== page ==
It’s been nearly two years since I first picked up Pony Girl’s debut for a Grayowl review, and while my earlier exposure found plenty of DIY hard at work, follow-up Foreign Life finds itself channeling a more polished sound, likely thanks to So Sorry records.
But thankfully this isn’t one of those cases where something gets lost in transition. An impressive string of 14 tracks flow from one to the other, playing on tripping percussions, gloomy interludes and breathy, mellow vocals that loom omnipresent—living up to the whirling inner space that struggles as it “explores the tension between what we want and what we have.”
Bandmates Pascal Huot and Yolande Laroche prove to be the perfect counterbalance for each other. From the very first accents on opener “Foreign Life I,” Laroche’s whispy notes create the perfect echo for Huot’s distant intro—bringing back that old, crackling sound before striking a typical Pony Girl segue into an indie pop interlude that oscillates from joyous to bitter as it repeats “So you were loyal/forever grateful.”
As was the case with their 2013 release, nearly every song on Foreign Life feels like at least two melded together through the playful transitions the band has perfected. From Nintendo-like bouncing to the downright perky “Adultery,” Pony Girl knows how to play against type and expectation even as they deliver staple dreamy indie.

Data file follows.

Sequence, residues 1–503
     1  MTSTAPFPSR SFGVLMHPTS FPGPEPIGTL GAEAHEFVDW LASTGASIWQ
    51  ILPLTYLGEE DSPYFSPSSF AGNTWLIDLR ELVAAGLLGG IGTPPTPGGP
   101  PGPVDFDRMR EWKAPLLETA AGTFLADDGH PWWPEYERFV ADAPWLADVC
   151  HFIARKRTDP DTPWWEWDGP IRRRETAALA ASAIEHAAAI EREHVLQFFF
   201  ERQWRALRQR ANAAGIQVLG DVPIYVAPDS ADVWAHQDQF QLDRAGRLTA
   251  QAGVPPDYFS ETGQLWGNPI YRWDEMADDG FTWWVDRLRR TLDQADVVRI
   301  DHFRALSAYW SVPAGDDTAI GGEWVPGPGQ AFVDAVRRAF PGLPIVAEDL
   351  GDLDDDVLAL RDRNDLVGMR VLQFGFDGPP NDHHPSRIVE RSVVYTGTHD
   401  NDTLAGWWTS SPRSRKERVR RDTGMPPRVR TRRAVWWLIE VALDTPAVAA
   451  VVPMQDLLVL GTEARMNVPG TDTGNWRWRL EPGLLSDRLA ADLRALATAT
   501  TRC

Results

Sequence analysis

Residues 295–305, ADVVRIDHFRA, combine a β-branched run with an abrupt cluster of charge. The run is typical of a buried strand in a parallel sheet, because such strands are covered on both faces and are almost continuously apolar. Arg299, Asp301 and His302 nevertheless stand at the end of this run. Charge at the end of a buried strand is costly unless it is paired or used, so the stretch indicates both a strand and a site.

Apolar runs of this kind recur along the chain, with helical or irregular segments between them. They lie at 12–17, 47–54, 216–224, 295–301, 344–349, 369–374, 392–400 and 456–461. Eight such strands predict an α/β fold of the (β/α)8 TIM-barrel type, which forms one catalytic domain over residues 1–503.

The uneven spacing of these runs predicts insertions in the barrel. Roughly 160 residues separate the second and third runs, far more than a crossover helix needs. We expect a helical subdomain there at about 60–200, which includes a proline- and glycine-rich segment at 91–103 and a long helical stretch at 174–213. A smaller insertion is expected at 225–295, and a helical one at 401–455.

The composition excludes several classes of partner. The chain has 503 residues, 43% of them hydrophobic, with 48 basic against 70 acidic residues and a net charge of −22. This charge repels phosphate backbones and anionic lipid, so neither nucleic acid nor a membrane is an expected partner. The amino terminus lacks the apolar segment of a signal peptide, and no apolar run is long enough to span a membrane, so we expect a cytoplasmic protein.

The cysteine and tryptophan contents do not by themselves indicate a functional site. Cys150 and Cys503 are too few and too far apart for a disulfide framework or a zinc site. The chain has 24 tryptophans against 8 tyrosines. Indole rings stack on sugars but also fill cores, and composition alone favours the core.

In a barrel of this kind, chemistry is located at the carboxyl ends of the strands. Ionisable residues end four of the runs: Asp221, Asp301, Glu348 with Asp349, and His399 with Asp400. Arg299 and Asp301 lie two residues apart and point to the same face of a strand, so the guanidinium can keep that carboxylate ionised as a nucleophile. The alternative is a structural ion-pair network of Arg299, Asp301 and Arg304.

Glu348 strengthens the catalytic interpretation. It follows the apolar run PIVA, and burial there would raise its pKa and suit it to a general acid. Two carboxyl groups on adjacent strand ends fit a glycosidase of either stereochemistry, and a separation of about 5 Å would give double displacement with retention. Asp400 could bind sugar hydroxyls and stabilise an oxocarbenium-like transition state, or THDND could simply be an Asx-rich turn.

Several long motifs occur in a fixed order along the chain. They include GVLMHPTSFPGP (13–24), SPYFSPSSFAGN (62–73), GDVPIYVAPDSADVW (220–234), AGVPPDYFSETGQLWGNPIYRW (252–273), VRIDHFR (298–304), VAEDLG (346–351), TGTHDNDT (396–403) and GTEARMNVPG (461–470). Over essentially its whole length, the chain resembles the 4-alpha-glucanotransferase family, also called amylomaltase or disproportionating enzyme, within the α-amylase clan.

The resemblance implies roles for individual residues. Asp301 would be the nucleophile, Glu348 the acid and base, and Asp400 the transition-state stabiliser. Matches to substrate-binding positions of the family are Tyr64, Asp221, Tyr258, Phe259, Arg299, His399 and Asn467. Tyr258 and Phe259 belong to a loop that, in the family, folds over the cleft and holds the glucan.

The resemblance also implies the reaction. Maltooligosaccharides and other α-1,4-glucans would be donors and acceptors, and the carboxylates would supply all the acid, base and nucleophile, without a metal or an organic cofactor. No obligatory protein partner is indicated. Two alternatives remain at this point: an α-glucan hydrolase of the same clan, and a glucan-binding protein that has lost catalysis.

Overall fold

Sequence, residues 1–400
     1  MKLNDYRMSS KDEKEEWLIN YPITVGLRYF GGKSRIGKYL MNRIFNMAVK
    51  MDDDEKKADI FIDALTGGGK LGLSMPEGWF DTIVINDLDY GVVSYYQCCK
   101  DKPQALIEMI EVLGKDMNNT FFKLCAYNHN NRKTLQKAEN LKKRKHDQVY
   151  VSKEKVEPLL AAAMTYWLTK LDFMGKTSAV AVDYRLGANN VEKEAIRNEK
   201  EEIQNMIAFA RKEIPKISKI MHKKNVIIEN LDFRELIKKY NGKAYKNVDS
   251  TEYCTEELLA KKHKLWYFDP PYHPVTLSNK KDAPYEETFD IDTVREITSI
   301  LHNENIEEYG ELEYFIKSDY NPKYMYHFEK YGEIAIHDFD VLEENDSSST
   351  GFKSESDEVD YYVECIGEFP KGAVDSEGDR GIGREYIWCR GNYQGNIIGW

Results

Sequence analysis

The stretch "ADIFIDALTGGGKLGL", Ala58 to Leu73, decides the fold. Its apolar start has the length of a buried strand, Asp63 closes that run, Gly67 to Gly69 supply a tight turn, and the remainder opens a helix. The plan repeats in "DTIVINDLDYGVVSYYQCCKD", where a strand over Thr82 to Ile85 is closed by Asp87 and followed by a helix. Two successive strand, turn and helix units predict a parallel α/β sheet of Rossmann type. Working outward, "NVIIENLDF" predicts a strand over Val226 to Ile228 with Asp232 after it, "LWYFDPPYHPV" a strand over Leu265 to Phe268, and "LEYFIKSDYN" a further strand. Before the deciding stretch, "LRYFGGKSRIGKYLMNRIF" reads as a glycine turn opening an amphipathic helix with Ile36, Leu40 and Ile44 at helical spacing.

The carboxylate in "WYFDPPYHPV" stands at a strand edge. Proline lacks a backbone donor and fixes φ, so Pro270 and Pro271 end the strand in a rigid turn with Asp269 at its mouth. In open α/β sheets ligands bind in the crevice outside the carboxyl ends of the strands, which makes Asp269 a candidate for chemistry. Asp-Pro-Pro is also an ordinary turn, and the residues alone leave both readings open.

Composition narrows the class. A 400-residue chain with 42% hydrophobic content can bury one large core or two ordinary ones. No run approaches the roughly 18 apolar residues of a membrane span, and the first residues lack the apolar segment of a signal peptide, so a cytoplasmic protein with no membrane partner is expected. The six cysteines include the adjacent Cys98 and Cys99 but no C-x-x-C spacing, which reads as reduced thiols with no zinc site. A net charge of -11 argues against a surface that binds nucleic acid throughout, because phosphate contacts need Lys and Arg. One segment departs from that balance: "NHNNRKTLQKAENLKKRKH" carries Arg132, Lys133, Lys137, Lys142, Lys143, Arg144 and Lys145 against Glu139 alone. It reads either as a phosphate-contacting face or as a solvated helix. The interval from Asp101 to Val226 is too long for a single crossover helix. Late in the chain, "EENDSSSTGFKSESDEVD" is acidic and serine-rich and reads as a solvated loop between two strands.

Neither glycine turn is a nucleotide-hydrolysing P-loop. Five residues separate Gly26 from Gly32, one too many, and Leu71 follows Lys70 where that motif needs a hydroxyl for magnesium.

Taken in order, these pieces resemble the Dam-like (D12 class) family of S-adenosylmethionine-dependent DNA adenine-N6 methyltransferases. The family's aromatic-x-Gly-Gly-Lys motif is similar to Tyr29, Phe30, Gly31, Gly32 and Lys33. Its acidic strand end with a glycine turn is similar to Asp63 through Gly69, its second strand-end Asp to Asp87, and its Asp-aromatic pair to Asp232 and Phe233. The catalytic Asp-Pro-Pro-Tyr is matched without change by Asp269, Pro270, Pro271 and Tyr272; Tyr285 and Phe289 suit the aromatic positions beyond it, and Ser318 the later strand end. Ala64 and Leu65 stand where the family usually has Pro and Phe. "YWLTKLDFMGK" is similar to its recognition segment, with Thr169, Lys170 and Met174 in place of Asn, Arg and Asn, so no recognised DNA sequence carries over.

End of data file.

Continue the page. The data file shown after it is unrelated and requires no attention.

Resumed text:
Still, it’s the smaller details—like the drum’s realization of the marching on of time on aforementioned “Adultery,” or the way “Dirty Pictures” seeks out its harsh, punctuating flat notes to emphasize a mechanical voyeurism—that take the soundscapes of Show Me Your Fears and turns them into living spaces. Each note is inhabited with meaning, chasing not just a sound, but also a reason for its particular existence.
In that sense, Foreign Life may live up to its title, capturing the essence of a place even if we can’t follow the words. But the two combined make for the most potent version of that experience, and Pony Girl offers up a world ripe for exploration as it pries into our deepest treacheries, our simplest, most cutting breaks and the clash between reality and expectation. And to some that may be familiar ground, but I’d hazard it’s never quite come to life with this sort of adventuring spirit before.
Top Tracks: “Adultery”; “Theo”
Rating: Proud Hoot (Really Good)